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Obsessive Measurement Disorder: Etiology of an Epidemic

By KIP SULLIVAN JD 

Review of The Tyranny of Metrics by Jerry Z. Muller, Princeton University Press, 2018

In the introduction to The Tyranny of Metrics, Jerry Muller urges readers to type “metrics” into Google’s Ngram, a program that searches through books and other material published over the last five centuries. He tells us we will find that the use of “metrics” soared after approximately 1985. I followed his instructions and confirmed his conclusion (see graph below). We see the same pattern for two other buzzwords that activate Muller’s BS antennae – “benchmarks,” and “performance indicators.” [1]

Muller’s purpose in asking us to perform this little exercise is to set the stage for his sweeping review of the history of “metric fixation,” which he defines as an irresistible “aspiration to replace judgment based on personal experience with standardized measurement.” (p. 6) His book takes a long view – he takes us back to the turn of the last century – and a wide view – he examines the destructive impact of the measurement craze on the medical profession, schools and colleges, police departments, the armed forces, banks, businesses, charities, and foreign aid offices.

Foreign aid? Yes, even that profession. According to a long-time expert in that field, employees of government foreign aid agencies have “become infected with a very bad case of Obsessive Measurement Disorder, an intellectual dysfunction rooted in the notion that counting everything in government programs will produce better policy choices and improved management.” (p. 155)

Muller, a professor of history at the Catholic University of America in Washington, DC, makes it clear at the outset that measurement itself is not the problem. Measurement is helpful in developing hypotheses for further investigation, and it is essential in improving anything that is complex or requires discipline. The object of Muller’s criticism is the rampant use of crude measures of efficiency (cost and quality) to dish out rewards and punishment – bonuses and financial penalties, promotion or demotion, or greater or less market share. Measurement can be crude because it fails to adjust scores for factors outside the subject’s control, and because it measures only actions that are relatively easy to measure and ignores valuable but less visible behaviors (such as creative thinking and mentoring). The use of inaccurate measurement is not just a waste of money; it invites undesirable behavior in both the measurers and the “measurees.” The measurers receive misleading information and therefore make less effective decisions (for example, “body count” totals tell them the war in Viet Nam is going well), and the subjects of measurement game the measurements (teachers “teach to the test” and surgeons refuse to perform surgery on sicker patients who would have benefited from surgery).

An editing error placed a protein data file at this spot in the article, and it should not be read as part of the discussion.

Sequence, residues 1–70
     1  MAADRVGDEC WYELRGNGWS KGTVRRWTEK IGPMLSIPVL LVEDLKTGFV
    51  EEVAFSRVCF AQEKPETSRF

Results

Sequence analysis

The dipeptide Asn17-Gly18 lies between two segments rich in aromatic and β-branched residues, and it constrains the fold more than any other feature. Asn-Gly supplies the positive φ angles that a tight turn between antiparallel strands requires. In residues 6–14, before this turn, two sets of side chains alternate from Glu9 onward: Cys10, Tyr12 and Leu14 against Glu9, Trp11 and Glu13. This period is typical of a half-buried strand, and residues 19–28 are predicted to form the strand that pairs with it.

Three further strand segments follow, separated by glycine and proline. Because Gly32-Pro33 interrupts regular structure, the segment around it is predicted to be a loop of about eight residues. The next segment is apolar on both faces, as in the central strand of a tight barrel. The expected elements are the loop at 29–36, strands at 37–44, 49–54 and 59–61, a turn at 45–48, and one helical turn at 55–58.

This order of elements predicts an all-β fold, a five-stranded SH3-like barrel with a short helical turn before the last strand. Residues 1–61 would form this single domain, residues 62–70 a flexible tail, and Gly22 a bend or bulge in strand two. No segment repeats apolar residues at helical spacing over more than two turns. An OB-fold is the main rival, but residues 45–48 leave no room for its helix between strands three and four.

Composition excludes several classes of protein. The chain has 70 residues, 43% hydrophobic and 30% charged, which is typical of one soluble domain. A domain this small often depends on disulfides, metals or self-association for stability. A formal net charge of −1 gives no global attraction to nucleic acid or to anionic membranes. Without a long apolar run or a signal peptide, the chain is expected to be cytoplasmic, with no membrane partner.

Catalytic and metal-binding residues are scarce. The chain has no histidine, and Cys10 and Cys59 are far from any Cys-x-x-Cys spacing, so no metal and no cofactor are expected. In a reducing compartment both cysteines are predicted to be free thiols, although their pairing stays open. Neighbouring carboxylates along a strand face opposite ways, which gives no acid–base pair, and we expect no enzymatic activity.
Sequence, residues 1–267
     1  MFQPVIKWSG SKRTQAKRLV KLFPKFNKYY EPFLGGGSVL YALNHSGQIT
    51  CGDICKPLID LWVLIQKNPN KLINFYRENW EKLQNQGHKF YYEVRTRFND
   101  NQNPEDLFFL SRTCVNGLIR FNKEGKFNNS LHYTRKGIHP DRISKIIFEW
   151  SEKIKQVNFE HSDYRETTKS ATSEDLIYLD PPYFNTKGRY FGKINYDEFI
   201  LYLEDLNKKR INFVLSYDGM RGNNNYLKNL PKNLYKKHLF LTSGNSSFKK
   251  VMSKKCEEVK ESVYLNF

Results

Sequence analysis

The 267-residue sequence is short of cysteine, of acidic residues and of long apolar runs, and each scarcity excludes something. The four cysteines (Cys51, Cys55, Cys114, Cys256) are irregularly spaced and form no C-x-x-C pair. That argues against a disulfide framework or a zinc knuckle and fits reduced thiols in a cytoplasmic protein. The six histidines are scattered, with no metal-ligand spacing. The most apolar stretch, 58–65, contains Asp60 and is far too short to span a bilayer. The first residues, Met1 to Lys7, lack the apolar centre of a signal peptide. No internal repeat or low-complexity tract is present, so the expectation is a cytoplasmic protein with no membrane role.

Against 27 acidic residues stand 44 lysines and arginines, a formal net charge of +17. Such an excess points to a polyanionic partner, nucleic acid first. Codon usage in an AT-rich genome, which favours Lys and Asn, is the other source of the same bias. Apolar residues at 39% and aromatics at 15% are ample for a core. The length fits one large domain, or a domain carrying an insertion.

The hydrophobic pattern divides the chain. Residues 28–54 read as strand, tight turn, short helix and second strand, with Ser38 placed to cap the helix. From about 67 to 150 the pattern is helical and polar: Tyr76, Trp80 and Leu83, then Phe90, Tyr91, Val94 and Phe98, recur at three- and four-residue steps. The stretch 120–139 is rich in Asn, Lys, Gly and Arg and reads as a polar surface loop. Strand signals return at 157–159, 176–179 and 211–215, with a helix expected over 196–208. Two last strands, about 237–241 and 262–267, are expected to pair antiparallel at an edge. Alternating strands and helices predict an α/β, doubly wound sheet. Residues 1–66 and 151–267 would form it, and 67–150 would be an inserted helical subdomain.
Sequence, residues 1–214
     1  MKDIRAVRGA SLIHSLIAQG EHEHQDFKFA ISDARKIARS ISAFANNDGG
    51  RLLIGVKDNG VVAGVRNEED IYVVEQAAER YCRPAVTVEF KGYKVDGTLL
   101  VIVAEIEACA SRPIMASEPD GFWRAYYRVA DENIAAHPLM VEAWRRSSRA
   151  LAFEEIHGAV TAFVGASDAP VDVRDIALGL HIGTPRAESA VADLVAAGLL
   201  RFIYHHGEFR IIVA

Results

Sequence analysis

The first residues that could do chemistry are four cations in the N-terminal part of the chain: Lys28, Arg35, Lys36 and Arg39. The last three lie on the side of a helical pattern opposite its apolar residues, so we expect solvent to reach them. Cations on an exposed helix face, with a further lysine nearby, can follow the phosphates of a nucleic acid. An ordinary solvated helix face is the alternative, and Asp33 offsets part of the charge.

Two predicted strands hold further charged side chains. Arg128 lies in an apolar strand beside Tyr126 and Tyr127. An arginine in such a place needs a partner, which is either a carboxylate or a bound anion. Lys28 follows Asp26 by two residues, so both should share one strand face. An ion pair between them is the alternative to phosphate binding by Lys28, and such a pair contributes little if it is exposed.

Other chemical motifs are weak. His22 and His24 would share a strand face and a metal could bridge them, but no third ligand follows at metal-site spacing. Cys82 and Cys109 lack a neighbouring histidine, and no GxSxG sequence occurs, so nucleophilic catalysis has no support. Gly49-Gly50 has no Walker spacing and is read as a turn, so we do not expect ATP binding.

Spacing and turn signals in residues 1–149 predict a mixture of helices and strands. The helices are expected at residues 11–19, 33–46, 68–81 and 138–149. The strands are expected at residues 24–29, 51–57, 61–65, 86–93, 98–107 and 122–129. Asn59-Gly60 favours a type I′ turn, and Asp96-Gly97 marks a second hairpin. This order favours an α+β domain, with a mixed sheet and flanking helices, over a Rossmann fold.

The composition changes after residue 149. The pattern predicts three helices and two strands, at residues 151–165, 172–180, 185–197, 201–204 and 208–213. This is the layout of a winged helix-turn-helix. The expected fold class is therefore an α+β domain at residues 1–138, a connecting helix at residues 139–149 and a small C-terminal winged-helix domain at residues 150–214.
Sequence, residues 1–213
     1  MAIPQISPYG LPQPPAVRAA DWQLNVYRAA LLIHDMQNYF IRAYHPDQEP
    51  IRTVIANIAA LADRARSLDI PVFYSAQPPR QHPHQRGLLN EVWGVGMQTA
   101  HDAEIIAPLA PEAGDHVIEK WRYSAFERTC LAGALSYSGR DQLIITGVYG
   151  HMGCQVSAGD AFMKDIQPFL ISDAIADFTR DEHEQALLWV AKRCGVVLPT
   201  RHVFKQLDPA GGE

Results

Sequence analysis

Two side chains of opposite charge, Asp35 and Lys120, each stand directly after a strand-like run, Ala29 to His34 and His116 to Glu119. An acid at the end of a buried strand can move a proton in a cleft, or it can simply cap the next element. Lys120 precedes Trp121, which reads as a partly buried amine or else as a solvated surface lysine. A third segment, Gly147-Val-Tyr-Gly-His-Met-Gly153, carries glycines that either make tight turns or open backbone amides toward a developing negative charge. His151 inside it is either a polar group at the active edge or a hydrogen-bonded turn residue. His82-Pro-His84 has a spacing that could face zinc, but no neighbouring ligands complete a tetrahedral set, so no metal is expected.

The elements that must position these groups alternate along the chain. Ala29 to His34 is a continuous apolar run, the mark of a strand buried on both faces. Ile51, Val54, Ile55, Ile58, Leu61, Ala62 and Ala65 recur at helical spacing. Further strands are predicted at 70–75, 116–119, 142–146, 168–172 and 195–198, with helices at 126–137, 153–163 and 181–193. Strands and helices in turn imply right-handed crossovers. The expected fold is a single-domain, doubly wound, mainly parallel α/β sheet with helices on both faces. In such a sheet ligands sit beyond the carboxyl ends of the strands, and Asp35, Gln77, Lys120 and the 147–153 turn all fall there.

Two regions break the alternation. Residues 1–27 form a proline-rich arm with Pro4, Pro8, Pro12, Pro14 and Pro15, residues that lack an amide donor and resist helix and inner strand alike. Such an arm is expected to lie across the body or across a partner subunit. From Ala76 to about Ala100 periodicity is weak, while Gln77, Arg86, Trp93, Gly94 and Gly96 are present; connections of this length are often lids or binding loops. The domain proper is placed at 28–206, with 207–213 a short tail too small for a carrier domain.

What puzzles Muller, and what motivated him to write this book, is why faith in the inappropriate use of measurement persists in the face of overwhelming evidence that it doesn’t work and has toxic consequences to boot. This mulish persistence in promoting measurement that doesn’t work and often causes harm (including driving good teachers and doctors out of their professions) justifies Muller’s harsh characterization of measurement mavens with phrases like “obsession,” “fixation,” and “cult.” “[A]lthough there is a large body of scholarship in the fields of psychology and economics that call into question the premises and effectiveness of pay for measured performance, that literature seems to have done little to halt the spread of metric fixation,” he writes. “That is why I wrote this book.” (p. 13)

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